Mr BROWNE - They might, if the honorable member who has interjected - whichever electorate has the misfortune to be represented by him - were the AttorneyGeneral. The honorable member for East Sydney went on to say that this service could be used against the Labour Party. Does he admit that the Labour Party engages in subversive activities? I do not suggest that it does, but when one considers the stringent limitations on the powers which are contained in this bill, and the fact that the Attorney-General must decide what is a subversive activity, one can be pardoned for thinking that the Labour Party has something to hide when it suggests that subversive activities could be attributed to it.

The honorable member for East Sydney drew a few red herrings across the trail by mentioning the Petrov case and a peace conference. He did so simply because he did not have enough material on the merits of the bill to bring to the debate. So, seeking to impress the gallery which, unfortunately, was larger during his speech than it is now, he had to rave about something. Anybody who was misled by those red herrings is to be pitied and should be enlightened. The enlightenment will come from members on this side of the House who follow me in the debate. Instead of debating the merits of the bill, the honorable member for East Sydney spent a good deal of his time in running down the security service and talking about the violation of the sanctity of the Australian private home. That is a real tear-jerker! I emphasize that this bill restricts the power to intercept telephone conversations. It is a bill designed primarily and almost exclusively to restrict the activities of those who would intercept telephone conversations.

The honorable member for Wills (Mr. Bryant) said that although the AttorneyGeneral had stated in sugar-coated tones that this was a bill to restrict and prohibit telephone tapping, he had then used the word "but". Of course, he said "but" because the bill excludes certain operations which are designed to maintain the security of Australia. Does the honorable member suggest that there should not be any exemptions? Does he suggest that there should not be any telephone tapping? Does he suggest that Australia should lag so far behind the rest of the world in security measures that we would be a laughing stock; a country without a sense of responsibility and oblivious of the need for security? He went on to say that the loyalty of the Australian people should be enough to make measures such as telephone tapping unnecessary. This bill is not confined to Australians. It does not exclude new Australians; it does not exclude Russians; it does not exclude people from any part of the world. To say that Australians with their great sense of loyalty do not need to be regulated by bills of this kind is to beg the question.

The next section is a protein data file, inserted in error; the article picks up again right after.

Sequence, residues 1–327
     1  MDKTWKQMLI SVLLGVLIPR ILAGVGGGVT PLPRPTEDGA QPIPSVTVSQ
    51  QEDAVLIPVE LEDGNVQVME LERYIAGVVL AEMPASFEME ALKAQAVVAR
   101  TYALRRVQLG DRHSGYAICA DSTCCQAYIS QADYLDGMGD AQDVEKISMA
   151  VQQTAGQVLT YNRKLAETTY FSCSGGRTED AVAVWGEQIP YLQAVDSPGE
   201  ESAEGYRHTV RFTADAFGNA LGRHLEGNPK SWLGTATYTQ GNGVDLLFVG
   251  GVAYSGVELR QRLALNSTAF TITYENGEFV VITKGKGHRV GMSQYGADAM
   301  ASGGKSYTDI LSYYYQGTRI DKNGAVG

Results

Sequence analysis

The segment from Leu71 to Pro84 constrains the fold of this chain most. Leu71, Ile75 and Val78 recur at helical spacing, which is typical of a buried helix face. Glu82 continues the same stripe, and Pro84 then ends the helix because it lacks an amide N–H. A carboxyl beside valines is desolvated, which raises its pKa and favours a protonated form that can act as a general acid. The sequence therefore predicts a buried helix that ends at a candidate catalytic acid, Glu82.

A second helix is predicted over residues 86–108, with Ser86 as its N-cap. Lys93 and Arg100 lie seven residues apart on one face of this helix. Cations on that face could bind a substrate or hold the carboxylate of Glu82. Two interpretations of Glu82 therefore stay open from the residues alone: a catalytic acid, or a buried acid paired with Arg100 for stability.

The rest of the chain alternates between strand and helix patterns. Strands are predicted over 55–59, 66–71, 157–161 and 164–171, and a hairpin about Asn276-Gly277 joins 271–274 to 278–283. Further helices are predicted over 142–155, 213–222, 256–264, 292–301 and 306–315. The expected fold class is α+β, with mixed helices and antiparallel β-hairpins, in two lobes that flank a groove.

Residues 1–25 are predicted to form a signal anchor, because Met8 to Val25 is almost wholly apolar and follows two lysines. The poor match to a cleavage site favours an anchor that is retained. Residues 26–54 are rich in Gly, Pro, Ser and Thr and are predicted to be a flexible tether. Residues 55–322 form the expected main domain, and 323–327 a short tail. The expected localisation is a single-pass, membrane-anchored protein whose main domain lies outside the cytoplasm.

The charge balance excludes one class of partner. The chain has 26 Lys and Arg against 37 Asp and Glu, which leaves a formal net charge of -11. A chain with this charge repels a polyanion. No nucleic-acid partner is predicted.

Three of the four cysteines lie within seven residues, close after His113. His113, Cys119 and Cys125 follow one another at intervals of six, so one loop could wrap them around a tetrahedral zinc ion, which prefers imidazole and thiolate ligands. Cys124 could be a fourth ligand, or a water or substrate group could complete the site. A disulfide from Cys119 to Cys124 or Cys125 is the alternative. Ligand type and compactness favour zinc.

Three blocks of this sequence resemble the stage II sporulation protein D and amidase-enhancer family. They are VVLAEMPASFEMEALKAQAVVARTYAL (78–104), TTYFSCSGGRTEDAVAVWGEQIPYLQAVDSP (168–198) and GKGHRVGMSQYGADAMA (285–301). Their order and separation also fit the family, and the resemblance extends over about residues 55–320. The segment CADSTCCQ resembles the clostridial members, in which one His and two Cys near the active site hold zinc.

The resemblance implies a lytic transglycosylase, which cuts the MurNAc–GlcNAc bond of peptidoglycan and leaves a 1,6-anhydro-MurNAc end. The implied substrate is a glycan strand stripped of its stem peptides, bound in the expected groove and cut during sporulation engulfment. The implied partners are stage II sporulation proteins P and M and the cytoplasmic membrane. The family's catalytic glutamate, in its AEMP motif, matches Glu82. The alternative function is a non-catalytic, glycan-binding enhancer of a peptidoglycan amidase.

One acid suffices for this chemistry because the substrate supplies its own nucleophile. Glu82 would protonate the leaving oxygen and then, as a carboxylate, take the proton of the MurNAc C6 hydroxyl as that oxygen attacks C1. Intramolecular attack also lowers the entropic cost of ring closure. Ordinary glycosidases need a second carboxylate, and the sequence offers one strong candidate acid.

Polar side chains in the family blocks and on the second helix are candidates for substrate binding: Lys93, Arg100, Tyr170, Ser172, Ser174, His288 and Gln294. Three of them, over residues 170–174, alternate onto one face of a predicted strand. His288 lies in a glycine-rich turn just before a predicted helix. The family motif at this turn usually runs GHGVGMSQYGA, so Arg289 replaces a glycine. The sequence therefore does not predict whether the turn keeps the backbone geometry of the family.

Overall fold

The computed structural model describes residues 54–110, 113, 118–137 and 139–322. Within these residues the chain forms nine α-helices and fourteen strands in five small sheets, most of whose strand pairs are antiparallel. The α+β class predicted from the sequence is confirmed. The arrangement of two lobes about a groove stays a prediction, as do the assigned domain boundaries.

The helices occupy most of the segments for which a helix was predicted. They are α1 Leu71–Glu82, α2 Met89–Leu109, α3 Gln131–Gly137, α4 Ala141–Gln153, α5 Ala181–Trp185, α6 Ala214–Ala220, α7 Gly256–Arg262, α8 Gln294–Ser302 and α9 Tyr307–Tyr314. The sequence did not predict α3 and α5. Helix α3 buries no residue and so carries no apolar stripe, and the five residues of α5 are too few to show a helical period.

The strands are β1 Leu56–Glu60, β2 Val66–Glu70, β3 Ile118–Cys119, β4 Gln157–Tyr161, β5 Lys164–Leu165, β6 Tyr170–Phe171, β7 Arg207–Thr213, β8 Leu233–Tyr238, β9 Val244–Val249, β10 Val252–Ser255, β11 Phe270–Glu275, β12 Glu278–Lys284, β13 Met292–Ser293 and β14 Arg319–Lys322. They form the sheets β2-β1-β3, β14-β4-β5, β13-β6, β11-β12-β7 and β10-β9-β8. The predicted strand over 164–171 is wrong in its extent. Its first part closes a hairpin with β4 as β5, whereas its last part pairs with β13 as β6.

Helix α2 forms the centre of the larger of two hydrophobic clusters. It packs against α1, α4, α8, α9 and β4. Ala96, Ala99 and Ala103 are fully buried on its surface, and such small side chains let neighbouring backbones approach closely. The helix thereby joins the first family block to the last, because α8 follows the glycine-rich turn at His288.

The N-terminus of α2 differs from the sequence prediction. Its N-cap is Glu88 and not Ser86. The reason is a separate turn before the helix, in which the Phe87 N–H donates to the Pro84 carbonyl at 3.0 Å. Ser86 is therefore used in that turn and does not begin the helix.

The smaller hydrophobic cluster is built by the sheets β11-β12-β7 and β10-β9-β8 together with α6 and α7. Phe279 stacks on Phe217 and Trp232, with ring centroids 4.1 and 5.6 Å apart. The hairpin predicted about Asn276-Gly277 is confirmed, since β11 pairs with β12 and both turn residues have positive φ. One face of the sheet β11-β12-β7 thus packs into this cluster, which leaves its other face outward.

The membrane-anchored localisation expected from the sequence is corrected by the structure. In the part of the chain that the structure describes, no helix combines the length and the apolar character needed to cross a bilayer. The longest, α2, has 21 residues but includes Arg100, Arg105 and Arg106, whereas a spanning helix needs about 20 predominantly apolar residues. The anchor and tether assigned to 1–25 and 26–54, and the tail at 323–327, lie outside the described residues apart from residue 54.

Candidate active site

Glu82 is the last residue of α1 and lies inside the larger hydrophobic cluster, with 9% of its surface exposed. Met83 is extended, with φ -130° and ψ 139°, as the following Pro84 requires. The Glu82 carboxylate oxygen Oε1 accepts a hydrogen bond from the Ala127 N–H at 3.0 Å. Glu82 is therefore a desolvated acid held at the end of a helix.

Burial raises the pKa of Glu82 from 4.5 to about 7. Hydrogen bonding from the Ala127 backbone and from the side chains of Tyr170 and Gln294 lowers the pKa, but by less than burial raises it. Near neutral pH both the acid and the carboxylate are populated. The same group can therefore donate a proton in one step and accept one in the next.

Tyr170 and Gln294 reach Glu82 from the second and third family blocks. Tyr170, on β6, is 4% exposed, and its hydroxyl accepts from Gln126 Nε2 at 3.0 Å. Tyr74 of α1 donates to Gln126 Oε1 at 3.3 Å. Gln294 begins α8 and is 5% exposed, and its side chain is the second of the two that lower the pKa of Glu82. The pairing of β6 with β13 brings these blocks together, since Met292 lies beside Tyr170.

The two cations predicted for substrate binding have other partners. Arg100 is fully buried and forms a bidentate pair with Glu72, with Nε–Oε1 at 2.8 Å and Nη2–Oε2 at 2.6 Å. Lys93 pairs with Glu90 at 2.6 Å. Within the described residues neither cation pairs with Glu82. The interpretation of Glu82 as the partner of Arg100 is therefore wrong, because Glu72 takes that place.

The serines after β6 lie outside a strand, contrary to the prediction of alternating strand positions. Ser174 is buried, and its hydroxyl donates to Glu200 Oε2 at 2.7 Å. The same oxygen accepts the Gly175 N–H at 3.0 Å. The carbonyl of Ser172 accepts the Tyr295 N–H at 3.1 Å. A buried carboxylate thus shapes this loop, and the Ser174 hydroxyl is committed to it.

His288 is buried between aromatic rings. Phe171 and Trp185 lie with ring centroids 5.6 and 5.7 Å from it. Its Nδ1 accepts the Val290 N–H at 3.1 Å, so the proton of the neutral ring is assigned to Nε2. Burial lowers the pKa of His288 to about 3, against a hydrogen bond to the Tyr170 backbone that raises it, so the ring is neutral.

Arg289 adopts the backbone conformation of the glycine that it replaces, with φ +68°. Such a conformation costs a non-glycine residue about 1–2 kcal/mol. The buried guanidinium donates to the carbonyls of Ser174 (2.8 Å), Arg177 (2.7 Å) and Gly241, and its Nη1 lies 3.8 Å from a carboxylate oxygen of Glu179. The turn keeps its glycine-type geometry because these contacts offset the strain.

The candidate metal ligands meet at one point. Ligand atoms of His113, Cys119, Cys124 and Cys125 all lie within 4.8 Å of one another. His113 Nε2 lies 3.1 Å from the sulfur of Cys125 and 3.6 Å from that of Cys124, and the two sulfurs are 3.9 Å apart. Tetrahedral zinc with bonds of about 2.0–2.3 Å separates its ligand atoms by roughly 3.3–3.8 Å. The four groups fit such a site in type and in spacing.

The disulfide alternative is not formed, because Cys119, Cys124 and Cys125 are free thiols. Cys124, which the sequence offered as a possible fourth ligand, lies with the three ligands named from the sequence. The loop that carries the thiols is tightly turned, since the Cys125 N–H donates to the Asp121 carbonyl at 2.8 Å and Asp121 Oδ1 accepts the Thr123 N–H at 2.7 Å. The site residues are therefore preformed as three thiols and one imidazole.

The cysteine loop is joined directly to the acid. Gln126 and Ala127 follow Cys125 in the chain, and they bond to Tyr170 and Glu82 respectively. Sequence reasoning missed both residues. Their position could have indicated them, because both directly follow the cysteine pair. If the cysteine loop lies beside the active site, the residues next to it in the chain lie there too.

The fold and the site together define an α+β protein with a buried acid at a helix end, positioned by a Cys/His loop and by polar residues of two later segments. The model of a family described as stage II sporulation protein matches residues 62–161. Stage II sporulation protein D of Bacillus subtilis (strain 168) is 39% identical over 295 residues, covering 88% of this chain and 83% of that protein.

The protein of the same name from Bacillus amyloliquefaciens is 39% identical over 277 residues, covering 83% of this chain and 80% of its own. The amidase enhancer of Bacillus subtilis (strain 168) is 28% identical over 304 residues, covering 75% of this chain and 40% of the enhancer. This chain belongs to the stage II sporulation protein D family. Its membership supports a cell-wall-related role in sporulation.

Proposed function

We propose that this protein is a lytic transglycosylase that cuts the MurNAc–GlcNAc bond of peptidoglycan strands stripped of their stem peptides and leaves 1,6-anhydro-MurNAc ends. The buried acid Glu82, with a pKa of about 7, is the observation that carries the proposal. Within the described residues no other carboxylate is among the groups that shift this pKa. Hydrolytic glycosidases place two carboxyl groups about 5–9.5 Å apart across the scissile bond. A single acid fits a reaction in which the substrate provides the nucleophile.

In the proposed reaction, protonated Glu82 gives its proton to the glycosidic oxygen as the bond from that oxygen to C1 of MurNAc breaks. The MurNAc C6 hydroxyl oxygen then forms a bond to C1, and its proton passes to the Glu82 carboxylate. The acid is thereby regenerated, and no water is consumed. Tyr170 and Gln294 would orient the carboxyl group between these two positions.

The honorable member for Wills then quoted an honorable member on this side of the House as having said that telephone tapping is abhorrent to us as Australians. Of course it is! I am the first to admit that to have a third party listen to a private telephone conversation is repugnant. Nobody denies that. And nobody will deny that it is repugnant to have one's financial affairs and bank account investigated by officers of the Taxation Branch. That also is abhorrent, but it also is necessary for the welfare of Australia. If the Opposition in this National Parliament has no thought for the welfare and security of Australia, it has no right to call itself Her Majesty's Opposition. Surely it is the function of the Opposition, just as it is the function of the Government, to consider the welfare and security of Australia. That is why we are here - at least we can do worse than to assume so.


Mr J R Fraser - You say that this bill is essential for that purpose?


Mr BROWNE - Yes.


Mr J R Fraser - Then why has the Government waited for 150 years to introduce it?


Mr BROWNE - For one thing, we have not had telephones for 150 years. Does the Opposition, which is opposing this bill that is designed to maintain the security of Australia, believe that known subversionists who have shown themselves to be willing, able and indeed anxious to wreck the Australian way of life, should be permitted to pursue their aims unhindered?


Mr Cairns - Who are they?


Mr BROWNE - Out of respect for you, I will not say anything about that. Does the Opposition say that the subversionists should be permitted to continue undetected because the way of life which they seek to destroy protects them, and indeed helps them, to destroy it? Does the Opposition believe that? I cannot imagine why it should find fault with a bill which seeks to impose heavy penalties on any one who is detected intercepting a telephone conversation. The Opposition could not find fault with that part of the bill. It finds fault with the bill because it will allow measures to be taken to ensure the security of Australia.

I have no doubt that one of the reasons why this bill was introduced is because of pressure that has been applied to the Government by the Opposition. In the eighteen months in which I have been in this House numerous questions on this subject have been asked of the Prime Minister and other Ministers by the honorable member for East Sydney and the honorable member for Werriwa. The Government's attitude has now been stated in black and white and this bill will, no doubt, take its place on the statute-book. If the Opposition does not like that, what does it like?

Mr. Deputy Speaker,I stated to the Government Whip my intention to speak on this bill because I thought that there might have been something in the Opposition case which needed answering. I have now been on my feet for about ten minutes, and that is five minutes more than I needed to answer the Opposition's case. As all honorable members who listened to the Opposition's arguments realize, Opposition members have no case at all.


Mr Haylen - Some one wants the honorable member on the telephone.


Mr BROWNE - I shall go and answer it.